If you're not in an abusive relationship, but you have real problems you need to solve, like getting past infidelity, building trust, learning how to communicate, or moving past a betrayal, therapy can be your best friend -- if you're willing to do the work, that is. If one or both of you isn't willing to try to trust and open up to the therapist (a process which can take time) you'll never get to the real core of your problems.
If you have no problem opening up, you're still not off the hook. You both have to be willing to do the work. That means making the changes, having the hard conversations, admitting when you're wrong, and committing to the therapeutic process. If you're all in but your partner is not, then couple's therapy will do little to change your relationship. It's like being on a see-saw. It only works if you both put in equal effort.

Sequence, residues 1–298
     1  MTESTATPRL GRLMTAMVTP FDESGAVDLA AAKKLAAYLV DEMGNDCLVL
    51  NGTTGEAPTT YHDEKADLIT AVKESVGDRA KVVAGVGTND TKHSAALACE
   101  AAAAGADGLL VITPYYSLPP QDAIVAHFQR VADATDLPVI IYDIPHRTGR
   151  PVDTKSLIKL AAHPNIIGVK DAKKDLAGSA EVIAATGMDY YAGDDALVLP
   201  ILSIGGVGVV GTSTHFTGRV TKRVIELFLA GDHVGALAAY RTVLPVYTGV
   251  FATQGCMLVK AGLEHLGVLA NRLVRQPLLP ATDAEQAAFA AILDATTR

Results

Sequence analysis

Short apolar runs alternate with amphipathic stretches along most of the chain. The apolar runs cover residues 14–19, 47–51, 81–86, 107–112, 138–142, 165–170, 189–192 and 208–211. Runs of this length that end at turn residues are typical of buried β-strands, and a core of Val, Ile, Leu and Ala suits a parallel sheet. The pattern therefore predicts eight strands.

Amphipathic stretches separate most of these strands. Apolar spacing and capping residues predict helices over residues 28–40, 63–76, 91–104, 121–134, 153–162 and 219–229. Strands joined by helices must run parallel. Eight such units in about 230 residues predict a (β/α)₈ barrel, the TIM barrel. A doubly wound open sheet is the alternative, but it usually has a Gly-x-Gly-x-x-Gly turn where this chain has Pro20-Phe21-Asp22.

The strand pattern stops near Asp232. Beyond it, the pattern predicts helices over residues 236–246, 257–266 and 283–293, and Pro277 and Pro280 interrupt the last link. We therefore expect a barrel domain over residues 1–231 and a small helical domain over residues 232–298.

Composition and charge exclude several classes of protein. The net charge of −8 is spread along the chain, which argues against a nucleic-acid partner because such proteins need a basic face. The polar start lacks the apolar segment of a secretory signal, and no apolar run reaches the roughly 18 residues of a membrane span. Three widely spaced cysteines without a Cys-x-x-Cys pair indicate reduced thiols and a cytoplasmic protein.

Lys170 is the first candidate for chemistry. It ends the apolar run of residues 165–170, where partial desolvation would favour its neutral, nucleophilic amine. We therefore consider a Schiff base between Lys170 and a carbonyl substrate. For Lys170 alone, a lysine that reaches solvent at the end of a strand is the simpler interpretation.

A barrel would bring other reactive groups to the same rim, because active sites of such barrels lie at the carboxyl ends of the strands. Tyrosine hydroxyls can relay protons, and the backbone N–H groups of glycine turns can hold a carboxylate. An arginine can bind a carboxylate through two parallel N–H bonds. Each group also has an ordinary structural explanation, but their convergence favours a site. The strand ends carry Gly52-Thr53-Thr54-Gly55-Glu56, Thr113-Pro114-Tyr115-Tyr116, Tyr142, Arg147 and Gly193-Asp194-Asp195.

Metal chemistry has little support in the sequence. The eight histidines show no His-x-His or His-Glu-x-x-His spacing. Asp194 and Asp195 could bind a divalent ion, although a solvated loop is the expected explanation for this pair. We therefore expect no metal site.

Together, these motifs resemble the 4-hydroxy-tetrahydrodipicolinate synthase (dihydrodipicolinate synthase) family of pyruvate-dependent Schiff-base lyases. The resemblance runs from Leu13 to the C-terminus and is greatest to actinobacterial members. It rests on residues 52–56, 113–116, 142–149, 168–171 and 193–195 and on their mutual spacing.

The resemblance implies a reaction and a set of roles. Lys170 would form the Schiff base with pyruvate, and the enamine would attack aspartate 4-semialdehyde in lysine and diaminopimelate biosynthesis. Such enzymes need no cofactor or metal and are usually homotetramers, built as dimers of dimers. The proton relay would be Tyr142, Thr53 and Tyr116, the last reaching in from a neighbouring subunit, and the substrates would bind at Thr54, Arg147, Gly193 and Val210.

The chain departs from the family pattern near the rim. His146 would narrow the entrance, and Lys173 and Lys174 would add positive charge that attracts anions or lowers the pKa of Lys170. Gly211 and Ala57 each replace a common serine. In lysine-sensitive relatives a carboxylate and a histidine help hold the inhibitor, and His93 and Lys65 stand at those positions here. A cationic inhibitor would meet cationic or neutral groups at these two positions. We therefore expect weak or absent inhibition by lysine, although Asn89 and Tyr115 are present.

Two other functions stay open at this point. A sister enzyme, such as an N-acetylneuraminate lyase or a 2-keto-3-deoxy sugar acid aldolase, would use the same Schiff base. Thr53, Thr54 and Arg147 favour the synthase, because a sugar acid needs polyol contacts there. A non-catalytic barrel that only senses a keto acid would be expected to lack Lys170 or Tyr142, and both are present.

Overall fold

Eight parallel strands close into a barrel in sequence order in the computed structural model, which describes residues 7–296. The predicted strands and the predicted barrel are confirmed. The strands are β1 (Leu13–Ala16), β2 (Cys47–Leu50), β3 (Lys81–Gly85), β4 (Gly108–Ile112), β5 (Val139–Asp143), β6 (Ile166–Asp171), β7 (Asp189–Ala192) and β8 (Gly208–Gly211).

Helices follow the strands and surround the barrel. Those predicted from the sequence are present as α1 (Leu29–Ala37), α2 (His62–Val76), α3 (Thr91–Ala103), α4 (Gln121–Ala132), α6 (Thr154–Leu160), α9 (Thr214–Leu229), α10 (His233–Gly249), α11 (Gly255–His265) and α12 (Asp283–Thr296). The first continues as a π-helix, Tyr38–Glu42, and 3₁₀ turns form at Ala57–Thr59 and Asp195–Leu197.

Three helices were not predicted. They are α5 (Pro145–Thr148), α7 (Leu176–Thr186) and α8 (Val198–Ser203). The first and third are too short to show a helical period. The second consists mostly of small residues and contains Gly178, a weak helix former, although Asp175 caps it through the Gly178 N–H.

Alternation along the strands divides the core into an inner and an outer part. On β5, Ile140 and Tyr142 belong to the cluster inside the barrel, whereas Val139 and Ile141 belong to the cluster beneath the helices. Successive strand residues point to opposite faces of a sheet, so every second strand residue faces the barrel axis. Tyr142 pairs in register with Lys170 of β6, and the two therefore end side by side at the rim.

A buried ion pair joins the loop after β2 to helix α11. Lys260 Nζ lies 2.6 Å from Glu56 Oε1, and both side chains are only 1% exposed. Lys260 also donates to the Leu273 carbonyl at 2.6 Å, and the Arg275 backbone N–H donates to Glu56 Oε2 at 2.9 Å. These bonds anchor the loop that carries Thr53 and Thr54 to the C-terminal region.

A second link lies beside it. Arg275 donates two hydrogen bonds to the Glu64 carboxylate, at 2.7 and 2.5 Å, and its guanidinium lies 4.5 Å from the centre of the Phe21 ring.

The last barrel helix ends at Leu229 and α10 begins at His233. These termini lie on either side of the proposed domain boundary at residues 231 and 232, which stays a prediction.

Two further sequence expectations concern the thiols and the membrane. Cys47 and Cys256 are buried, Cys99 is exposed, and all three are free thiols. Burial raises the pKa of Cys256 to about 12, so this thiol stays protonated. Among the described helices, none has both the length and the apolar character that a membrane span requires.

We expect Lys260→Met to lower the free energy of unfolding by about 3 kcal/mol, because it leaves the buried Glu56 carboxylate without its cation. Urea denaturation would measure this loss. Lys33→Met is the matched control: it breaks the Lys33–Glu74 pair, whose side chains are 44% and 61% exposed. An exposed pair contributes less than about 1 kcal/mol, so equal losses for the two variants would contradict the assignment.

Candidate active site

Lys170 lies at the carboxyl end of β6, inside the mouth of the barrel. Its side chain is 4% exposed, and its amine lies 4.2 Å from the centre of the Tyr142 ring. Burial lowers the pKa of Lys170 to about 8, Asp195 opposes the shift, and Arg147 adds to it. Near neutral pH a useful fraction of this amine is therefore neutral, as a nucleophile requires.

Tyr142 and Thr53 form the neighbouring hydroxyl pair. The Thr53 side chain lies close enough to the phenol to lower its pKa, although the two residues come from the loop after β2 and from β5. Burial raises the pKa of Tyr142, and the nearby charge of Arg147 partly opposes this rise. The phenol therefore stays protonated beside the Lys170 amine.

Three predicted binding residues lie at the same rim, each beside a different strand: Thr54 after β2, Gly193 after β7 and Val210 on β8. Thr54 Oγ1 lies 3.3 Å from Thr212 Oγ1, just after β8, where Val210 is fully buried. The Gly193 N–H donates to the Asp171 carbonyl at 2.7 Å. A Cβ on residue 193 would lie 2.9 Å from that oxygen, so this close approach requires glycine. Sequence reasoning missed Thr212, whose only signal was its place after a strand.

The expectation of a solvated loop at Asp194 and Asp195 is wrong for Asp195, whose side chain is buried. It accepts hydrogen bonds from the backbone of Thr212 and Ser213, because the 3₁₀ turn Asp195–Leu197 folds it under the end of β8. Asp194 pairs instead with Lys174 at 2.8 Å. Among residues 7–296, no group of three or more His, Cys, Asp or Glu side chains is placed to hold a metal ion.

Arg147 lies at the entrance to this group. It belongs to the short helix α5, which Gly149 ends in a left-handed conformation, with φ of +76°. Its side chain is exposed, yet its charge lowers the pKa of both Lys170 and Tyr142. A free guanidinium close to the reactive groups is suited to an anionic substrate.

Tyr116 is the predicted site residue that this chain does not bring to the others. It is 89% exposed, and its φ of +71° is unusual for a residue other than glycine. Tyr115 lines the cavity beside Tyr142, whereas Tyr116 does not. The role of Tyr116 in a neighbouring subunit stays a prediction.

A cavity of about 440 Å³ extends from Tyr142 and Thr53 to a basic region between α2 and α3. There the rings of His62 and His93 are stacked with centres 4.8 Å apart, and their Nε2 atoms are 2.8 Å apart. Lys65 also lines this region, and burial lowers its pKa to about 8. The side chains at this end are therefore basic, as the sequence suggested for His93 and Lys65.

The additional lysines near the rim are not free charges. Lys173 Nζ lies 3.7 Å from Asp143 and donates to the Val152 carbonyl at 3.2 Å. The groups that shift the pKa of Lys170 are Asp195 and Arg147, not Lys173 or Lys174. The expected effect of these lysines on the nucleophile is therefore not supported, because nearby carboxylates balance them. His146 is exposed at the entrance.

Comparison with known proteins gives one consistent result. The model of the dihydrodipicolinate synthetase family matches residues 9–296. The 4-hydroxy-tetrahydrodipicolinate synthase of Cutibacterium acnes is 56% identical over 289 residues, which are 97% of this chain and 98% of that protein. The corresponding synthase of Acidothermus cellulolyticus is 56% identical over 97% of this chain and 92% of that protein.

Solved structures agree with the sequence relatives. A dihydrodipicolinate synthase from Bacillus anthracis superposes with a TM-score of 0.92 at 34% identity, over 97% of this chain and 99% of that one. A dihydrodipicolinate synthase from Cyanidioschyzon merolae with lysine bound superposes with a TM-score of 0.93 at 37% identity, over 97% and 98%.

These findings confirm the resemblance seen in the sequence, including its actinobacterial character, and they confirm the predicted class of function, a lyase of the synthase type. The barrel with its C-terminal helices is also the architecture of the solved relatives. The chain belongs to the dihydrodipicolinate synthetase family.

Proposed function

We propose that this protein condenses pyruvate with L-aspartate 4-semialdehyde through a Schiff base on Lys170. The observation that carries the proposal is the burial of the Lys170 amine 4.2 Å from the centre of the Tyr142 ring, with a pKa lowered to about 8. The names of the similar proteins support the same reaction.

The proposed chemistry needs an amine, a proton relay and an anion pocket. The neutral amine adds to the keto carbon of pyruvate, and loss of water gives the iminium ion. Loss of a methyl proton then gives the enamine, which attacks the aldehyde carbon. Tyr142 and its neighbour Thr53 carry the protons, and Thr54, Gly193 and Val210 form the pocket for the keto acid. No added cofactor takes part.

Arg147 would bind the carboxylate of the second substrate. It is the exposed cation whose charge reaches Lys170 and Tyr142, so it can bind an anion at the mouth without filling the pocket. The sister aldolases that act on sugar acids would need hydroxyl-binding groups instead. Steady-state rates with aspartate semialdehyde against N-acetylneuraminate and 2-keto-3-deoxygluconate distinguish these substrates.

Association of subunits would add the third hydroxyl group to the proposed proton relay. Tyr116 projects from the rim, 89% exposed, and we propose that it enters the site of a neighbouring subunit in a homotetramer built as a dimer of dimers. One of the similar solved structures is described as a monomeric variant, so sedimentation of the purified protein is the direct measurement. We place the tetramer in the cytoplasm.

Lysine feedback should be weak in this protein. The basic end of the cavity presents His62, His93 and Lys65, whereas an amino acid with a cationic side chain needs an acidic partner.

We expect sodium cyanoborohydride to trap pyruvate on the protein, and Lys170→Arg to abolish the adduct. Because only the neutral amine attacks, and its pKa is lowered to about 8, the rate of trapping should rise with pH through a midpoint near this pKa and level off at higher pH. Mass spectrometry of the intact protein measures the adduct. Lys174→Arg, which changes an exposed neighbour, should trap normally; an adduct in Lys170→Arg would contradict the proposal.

When in doubt, individual therapy can help you decide if couple's therapy is a good choice for you, or if you'd be better off cutting your losses and leaving. Your therapist can help you make a realist plan, or refer you to the perfect agency or professional to help with your situation.
Next time one of your soon-to-be exes gets on their white horse and talks about couple's therapy, you'll have a better idea of whether it's genuine or a genuine trap. The fact that you even have to wonder probably speaks volumes about the answer.